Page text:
Will the FDA provide more guidance or manage the process to share risk evaluation and mitigation strategies (REMS)?
October 2013 | EXPERT BRIEFING | PRIVATE EQUITY
What the FDA will do to proactively manage the process to share Risk Evaluation and Mitigation Strategies (REMS) is a hot button topic that many in the pharmaceutical and biotechnology industry have been wondering, particularly as the FDA looks to standardise REMS. The Food and Drug Administration Amendments Act of 2007 (FDAAA) enacted on 27 September 2007, added REMS to the FDA’s arsenal to manage risks for certain drugs by requiring one or more strategies or elements to provide additional safe use of approved drug products, other than the drug product’s prescribing information and traditional labelling. Some REMS contain Elements to Assure Safe Use (ETASU), such as restricted distribution in particular pharmacies or hospital settings, special prescriber training, dispensing following evidence of safe-use conditions, or registries to track patients, prescribers or pharmacies.
If the innovator’s drug includes ETASUs, FDAAA requires that innovator and generic versions use a single, shared REMS (SS REMS). FDAAA further provides that an innovator with an ETASU REMS cannot use any ETASU element to “block or delay approval” of an application approved as a 505(b)(2) new drug application (505(b)(2) NDA) or generic drug (abbreviated new drug application (ANDA)). Yet the FDA may waive this requirement if: (i) the FDA determines that the burden of creating an SS REMS between competitors outweighs the benefits; or (ii) an aspect of the ETASU is claimed by a patent, the patent has not expired, and the generic applicants have sought a licence but were unable to secure a licence. If waived, the generic applicants must use a comparable element to assure safe use of the product. The FDA has not issued regulations or guidance to explain this waiver process or how the innovator is expected to share its program, e.g., shared costs, information, risks or responsibilities. And only in August 2013, in response to a citizen petition, did the FDA outline a process for how sponsors may provide samples of their products with ETASU REMS to generic applicants – a process met with limited or no success in the past.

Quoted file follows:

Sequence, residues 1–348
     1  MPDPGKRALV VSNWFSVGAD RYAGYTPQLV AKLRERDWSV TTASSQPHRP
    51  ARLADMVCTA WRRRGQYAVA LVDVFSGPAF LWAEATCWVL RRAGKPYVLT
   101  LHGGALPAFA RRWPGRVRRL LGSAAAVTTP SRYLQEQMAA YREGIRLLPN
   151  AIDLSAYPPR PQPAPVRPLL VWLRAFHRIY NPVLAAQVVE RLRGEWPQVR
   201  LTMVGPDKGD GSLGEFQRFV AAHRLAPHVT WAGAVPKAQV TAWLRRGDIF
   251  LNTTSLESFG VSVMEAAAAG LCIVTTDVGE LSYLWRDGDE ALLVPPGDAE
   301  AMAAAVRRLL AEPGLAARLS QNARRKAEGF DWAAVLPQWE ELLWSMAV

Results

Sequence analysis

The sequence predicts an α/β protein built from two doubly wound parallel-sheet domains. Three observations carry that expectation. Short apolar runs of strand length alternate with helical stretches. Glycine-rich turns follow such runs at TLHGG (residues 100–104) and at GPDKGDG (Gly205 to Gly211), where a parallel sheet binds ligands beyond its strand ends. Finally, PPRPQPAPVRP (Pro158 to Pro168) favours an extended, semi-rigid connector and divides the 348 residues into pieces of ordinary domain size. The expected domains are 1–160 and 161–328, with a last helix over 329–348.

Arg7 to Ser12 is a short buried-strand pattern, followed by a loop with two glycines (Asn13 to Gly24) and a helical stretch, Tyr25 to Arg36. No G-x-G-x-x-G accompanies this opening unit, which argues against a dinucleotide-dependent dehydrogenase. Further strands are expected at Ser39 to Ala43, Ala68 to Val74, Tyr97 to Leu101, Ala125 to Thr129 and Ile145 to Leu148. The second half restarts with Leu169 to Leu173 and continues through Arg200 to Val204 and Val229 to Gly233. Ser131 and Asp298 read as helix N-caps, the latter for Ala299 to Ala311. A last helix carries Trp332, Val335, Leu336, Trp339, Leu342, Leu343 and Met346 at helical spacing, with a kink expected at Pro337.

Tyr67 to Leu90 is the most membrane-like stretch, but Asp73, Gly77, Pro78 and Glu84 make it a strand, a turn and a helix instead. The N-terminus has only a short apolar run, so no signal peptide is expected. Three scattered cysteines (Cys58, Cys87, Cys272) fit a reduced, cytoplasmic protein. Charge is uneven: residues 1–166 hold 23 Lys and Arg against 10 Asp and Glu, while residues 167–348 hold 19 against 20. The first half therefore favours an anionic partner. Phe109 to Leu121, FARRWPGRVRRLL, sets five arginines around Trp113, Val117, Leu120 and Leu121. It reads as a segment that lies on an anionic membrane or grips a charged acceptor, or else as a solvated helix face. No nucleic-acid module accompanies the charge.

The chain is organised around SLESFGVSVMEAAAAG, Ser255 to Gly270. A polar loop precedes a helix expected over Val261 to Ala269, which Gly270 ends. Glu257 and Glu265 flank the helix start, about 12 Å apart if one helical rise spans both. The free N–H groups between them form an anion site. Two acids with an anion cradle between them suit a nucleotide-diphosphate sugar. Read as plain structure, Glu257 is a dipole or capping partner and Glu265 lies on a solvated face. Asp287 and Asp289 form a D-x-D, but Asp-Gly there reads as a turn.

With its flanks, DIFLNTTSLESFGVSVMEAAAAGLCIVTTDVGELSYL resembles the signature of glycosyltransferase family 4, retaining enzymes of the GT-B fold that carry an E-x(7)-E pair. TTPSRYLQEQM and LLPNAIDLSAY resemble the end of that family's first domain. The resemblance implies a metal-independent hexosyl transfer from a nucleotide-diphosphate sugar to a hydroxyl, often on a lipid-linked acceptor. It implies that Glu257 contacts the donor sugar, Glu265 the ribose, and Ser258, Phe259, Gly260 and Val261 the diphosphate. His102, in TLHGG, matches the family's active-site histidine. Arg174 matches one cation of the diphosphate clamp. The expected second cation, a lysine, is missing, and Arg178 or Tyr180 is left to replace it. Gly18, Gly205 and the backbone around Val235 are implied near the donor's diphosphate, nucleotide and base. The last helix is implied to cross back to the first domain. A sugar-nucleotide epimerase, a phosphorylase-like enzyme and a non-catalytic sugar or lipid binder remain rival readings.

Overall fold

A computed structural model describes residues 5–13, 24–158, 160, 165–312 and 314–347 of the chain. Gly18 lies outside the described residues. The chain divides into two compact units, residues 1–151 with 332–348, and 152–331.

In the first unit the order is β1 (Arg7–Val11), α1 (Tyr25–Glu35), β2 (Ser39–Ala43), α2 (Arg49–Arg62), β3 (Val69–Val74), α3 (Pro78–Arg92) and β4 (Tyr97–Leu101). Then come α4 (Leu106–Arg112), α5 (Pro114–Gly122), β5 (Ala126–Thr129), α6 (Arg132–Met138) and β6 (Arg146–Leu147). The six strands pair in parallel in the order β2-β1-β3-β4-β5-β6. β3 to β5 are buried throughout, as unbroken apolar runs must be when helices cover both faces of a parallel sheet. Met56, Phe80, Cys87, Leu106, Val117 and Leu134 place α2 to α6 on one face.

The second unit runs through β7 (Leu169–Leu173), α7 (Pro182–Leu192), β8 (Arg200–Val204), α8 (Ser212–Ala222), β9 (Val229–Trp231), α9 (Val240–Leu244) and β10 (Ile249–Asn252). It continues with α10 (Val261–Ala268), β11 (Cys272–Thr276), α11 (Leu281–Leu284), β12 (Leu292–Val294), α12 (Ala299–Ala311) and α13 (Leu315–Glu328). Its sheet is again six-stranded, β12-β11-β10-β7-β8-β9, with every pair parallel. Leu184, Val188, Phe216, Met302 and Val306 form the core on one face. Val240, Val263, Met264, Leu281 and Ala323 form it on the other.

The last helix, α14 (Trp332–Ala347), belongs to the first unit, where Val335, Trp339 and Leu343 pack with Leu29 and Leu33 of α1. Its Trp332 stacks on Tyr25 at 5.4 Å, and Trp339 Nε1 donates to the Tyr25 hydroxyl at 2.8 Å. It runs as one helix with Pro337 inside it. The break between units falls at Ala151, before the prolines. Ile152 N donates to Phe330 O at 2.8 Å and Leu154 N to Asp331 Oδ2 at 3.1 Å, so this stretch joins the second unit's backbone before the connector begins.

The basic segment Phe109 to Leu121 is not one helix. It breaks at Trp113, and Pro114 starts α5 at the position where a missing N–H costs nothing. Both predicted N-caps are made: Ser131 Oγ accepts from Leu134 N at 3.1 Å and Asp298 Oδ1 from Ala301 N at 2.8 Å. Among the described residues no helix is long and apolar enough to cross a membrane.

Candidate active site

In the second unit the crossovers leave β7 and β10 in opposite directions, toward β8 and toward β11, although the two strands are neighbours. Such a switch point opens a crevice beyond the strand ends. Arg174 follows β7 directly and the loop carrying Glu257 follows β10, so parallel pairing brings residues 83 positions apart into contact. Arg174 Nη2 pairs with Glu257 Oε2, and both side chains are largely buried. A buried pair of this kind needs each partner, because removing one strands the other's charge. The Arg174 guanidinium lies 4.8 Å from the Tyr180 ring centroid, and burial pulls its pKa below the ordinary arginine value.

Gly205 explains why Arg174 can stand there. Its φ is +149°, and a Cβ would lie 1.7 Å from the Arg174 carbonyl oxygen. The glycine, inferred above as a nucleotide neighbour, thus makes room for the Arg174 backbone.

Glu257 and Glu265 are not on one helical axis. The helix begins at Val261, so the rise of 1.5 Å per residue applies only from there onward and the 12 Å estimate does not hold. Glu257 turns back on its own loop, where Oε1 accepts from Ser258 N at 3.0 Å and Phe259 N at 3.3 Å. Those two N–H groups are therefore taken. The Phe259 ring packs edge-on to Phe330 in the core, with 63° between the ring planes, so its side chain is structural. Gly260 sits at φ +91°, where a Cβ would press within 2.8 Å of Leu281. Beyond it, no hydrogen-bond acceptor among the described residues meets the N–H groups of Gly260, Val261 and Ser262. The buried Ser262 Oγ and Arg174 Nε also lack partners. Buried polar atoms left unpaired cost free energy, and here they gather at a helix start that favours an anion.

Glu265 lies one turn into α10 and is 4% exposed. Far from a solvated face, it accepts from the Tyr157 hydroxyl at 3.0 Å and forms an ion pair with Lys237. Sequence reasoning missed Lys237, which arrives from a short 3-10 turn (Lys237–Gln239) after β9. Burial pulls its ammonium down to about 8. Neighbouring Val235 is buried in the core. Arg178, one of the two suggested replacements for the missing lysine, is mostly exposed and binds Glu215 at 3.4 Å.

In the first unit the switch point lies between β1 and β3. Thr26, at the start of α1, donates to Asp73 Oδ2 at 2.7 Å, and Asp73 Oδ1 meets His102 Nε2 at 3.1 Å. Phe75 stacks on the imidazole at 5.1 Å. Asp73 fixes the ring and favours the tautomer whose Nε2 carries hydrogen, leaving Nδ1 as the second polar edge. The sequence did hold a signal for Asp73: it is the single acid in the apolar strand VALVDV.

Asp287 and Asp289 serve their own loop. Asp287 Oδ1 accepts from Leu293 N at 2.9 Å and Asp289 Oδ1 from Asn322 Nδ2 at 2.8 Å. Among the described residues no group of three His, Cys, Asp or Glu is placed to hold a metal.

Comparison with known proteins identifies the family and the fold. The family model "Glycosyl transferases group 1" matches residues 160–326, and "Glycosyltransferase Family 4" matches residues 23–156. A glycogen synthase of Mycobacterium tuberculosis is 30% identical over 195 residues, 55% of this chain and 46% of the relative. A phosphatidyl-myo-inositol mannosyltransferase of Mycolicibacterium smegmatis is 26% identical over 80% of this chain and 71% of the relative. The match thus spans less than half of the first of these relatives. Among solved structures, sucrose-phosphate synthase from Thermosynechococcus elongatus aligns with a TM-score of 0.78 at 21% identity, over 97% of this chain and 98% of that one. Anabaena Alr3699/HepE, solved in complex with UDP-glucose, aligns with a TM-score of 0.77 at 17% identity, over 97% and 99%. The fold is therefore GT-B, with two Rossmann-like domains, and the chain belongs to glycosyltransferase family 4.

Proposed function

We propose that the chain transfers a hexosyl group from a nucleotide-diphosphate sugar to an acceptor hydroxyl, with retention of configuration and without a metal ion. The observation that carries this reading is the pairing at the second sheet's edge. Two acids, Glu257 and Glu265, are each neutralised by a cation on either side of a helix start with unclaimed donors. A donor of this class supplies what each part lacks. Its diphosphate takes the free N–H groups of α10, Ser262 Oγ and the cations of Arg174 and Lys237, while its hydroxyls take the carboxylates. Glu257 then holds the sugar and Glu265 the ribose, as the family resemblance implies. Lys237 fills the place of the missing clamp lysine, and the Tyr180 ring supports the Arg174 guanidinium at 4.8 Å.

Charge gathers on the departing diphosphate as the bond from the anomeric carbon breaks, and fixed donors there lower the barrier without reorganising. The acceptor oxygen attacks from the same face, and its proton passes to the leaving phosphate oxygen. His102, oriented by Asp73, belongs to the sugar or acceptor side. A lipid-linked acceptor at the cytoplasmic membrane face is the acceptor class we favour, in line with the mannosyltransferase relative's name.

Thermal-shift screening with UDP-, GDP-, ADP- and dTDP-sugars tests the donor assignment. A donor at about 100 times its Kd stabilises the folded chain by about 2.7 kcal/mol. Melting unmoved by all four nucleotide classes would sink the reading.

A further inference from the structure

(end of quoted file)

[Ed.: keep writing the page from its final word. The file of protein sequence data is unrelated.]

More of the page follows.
As a potentially complicating factor, the Food and Drug Safety and Innovation Act of 2012 (FDASIA) modified the REMS system by allowing for modifications of a drug’s REMS without the need for the change to be tied to a specific assessment of the REMS. REMS assessments are required to be performed at 18 months, three years, and seven years after approval of the REMS unless modified by the FDA, so this could mean more REMS modifications. But, according to an Office of Inspector General Report issued in February 2013, entitled ‘FDA Lacks Comprehensive Data to Determine Whether Risk Evaluation and Mitigation Strategies Improve Drug Safety’, the FDA has received incomplete assessment information from REMS sponsors and audited only one REMS with ETASU since 2008. As a result, the FDA has little information to determine which ETASU elements are working and should be required in an SS REMS or in an innovator and comparable generic REMS, or whether a modified ETASU needs to be included.